BIOS is a member of the Bermuda Lionfish Taskforce, with fellow collaborators from the Ocean Support Foundation, the Bermuda Zoological Society, and the Bermuda Departments of Conservation Services and Environmental Protection. The Lionfish Taskforce was formed in 2012 to coordinate local efforts to control the population of invasive lionfish and limit the impacts of their spread on Bermuda's ecology and economics.
In early 2013, the Lionfish Taskforce successfully applied for and received a $265,000 grant from the Darwin Plus: Overseas Territories Environment and Climate Fund under DEFRA. Research conducted under the grant, managed by Principal Investigator Dr. Gretchen Goodbody-Gringley (BIOS Assistant Scientist) will be used to inform the development of a comprehensive Lionfish Control Plan for Bermuda, which will implement long-term control strategies for the invasive population, including the permitting of individuals to spearfish for lionfish and the development of a lionfish-specific trap for commercial fishers.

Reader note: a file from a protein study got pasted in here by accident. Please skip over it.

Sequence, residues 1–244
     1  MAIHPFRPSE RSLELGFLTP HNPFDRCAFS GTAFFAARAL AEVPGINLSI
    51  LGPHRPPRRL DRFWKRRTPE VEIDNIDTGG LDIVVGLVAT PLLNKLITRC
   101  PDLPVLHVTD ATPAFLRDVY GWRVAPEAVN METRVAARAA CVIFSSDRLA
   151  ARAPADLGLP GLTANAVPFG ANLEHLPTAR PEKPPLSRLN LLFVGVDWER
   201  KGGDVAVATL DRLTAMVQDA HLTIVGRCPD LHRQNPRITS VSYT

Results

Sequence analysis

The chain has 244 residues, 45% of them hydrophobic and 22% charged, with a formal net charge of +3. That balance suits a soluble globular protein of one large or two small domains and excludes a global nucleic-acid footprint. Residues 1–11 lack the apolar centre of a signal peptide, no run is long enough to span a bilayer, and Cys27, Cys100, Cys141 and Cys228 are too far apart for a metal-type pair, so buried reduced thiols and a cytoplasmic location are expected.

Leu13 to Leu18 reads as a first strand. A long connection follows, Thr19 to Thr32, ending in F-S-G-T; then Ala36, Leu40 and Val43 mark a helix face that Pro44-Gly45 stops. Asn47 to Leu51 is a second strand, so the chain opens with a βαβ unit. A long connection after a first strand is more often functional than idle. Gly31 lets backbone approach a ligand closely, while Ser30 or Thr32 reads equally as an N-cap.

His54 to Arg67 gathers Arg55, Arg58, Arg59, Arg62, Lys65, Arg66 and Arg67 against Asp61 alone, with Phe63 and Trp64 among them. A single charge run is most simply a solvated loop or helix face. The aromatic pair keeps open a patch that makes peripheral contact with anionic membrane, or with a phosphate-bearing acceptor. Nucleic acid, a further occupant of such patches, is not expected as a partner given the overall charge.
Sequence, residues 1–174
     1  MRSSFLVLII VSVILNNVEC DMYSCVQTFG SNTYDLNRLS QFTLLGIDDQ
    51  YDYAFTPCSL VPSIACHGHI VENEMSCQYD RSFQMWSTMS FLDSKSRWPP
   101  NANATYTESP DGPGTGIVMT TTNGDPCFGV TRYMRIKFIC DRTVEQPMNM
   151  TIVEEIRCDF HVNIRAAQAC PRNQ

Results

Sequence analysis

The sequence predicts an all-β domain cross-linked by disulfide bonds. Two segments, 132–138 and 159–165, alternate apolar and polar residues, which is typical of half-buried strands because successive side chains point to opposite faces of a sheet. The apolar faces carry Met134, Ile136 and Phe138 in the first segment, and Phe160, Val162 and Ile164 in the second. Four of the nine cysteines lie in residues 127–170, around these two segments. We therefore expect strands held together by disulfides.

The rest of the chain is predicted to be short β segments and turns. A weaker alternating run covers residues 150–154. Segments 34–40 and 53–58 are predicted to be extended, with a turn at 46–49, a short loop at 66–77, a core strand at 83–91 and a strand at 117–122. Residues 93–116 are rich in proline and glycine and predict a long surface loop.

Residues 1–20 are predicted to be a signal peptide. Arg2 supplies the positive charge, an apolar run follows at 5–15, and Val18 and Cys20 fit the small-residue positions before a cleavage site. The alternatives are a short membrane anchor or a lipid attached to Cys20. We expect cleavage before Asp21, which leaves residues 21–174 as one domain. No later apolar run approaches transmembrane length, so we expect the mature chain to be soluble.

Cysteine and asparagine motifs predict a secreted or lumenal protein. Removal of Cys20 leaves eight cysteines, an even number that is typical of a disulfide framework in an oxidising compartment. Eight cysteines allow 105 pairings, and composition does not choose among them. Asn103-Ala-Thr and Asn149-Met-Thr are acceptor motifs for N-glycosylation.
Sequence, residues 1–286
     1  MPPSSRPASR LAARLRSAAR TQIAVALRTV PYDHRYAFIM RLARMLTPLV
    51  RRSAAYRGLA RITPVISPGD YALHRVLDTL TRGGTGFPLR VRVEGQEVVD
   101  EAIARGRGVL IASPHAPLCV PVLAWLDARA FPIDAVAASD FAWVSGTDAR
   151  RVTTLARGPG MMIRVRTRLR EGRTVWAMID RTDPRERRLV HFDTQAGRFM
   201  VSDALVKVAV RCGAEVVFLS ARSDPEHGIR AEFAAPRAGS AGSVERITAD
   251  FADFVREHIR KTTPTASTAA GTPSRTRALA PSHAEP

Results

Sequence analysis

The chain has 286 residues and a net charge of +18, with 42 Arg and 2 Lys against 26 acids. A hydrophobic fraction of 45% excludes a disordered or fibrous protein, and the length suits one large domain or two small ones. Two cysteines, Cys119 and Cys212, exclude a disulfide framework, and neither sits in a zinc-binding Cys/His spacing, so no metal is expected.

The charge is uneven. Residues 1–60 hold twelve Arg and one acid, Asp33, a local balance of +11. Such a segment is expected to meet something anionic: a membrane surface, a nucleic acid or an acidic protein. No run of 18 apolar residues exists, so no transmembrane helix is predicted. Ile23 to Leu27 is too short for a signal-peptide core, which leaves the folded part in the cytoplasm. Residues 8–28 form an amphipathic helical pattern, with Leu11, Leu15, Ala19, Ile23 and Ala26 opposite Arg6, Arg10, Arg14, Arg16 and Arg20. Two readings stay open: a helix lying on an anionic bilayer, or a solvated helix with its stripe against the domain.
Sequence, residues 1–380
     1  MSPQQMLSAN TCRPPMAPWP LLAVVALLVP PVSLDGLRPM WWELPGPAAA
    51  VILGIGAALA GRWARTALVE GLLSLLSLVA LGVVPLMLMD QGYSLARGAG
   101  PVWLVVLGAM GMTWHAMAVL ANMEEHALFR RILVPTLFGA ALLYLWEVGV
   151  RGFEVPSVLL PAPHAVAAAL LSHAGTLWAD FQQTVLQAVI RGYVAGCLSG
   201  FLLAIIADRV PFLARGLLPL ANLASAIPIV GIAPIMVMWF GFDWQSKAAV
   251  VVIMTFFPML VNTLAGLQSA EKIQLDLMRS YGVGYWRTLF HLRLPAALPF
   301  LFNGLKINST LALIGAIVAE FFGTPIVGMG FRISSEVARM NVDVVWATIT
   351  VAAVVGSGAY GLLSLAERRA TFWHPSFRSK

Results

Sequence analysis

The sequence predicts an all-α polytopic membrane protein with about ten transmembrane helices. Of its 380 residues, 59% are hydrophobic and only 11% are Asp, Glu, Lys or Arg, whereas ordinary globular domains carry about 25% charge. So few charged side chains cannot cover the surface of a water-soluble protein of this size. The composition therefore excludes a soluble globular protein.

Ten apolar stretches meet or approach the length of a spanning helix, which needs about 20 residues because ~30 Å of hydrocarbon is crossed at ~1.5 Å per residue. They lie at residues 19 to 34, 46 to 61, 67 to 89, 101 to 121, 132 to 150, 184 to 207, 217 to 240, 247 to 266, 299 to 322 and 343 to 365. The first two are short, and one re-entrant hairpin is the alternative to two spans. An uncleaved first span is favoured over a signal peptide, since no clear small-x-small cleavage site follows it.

For the past few years BIOS has hosted the Groundswell Lionfish Tournament, which gives individuals with lionfish culling permits the opportunity to contribute their day's catch to the tournament's total number of fish, adding to the samples available for research. The tournaments also feature educational displays by the Lionfish Taskforce, lionfish handling demonstrations, and a lionfish tasting.
BIOS’s Kaitlin Noyes chairs the education and outreach efforts of the taskforce, and is author of the education and outreach plan which works in collaboration with the overall taskforce management plan. BIOS participated in the design of a “Lionfish and other Invasive Species" exhibit which was shown at the Bermuda Underwater Exploration Institute and Kaitlin chaired the 5-part lecture series which funded the exhibit.